Ray Paquette

3 days ago

A point of correction. When that fire occurred the United Church, Zion and Memorial Park had not amalgamated. The fire occurred on a Saturday afternoon when most of the young boys who chased the fire trucks were occupied at the Roxy Theatre with the Saturday afternoon matinee, yours truly included. After the movie ended, we all left the theatre and tore down to Judson Street to watch the OWFC in action…

Joann Voyce

3 days ago

This was Memorial Park United from the union of the Methodist and Presbyterians It was originally the Methodist Church. Zion was always Zion Presbyterian until the most recent union

Bill Mains59 sec. ago

The church which burned in 1950, was Zion United Church, which was formerly Zion Presbyterian Church until it became Zion United at church Union in 1925. Memorial Park Methodist Church, became Memorial Park United Church in 1925. Memorial Park burned a few years later in the mid 1950’s and was restored. The two churches amalgamated to Zion Memorial about 1965 when the Memorial Park building became the sanctuary and the Zion building became the Christian Education building until it was sold some time after 1970.





by Chris Redmond

The street that connects Coleman Street to the new subdivision near Walmart has a name now: Christie Street, in honour of a young man who played an unusual role in the history of Carleton Place before he died in battle in 1917.

He was John H. H. (for Hatchell Halliday) Christie, who came to the town, and to Canada, to be a student minister at the Methodist Church on Franklin Street (what’s now Zion-Memorial United Church). He was born in Ireland, in a village called Glenavy in County Antrim, and interrupted his studies to cross the ocean to help meet an urgent need.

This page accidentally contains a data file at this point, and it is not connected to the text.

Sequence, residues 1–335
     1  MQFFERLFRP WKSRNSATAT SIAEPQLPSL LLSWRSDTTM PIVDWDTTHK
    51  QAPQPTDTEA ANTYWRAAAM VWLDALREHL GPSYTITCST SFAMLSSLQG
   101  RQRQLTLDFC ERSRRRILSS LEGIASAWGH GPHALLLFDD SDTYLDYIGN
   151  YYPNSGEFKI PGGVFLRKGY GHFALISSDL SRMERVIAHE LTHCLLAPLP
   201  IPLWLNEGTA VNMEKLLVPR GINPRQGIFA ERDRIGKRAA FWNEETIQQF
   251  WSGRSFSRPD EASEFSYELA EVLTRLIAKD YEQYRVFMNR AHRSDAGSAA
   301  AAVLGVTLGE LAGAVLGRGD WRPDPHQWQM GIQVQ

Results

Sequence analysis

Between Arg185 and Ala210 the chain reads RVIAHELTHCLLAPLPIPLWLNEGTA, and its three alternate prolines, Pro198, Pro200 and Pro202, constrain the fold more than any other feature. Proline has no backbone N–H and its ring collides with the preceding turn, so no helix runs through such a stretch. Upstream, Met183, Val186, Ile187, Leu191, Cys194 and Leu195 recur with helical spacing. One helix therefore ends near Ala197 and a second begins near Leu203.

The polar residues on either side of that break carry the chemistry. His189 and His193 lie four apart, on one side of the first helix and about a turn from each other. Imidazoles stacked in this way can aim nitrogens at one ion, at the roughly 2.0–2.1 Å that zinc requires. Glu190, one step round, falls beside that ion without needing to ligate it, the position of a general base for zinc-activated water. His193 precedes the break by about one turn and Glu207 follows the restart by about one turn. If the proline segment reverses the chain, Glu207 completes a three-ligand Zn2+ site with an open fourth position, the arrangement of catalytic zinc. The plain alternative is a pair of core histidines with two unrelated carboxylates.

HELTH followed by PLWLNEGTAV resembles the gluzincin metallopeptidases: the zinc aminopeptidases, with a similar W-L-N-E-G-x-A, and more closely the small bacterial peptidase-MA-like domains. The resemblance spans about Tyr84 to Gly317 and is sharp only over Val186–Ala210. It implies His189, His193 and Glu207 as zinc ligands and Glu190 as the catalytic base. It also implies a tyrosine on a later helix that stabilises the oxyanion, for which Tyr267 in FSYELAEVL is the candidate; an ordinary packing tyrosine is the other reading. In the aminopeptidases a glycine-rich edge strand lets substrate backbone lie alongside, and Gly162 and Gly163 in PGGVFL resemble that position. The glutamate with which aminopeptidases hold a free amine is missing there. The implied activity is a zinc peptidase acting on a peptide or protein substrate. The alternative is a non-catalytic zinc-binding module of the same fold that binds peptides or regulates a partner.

It was a difficult time for churches in Canada, with the population growing faster than the church leadership could find ministers to look after them. The problem was worst in the western provinces, and would continue until three denominations merged to create

the United Church in 1925, but the shortage hit home in Carleton Place when Dr. J. H. Sparling, the well-liked Methodist minister, died suddenly. (To be precise, he dropped dead while out on a bicycle ride.)

The best that could be arranged for a replacement was John Christie, the 23-year-old student who came over to serve as the congregation’s minister. He was quickly very popular, perhaps especially with the mothers of daughters, and he was well known

for his charming tenor voice. Someone noted that one of his favourite hymns was “When the Roll Is Called Up Yonder”. But World War I was starting, and within a year the roll call he was answering was that of the Canadian Army Medical Corps. He headed back across the Atlantic with the Canadian Expeditionary.


September 1934–Memorial Park and United Church Carleton Place

Force; starting out as a private, he was soon a corporal, then commissioned as a lieutenant, and in early 1917 he was assigned to the 2nd Canadian Mounted Rifles. Within three weeks he was dead, killed near the village of Givenchy-en-Gohelle during the Battle of Vimy Ridge in April 1917.

Circumstances of Death Registers

John Christie was one of five young men from Carleton Place who never returned from Vimy. He and other fallen soldiers were remembered at a service in the Methodist Church, where the four men’s photos were displayed at the front of the sanctuary, wrapped in a Union Jack. His body was buried in La Chaudière military cemetery near Vimy.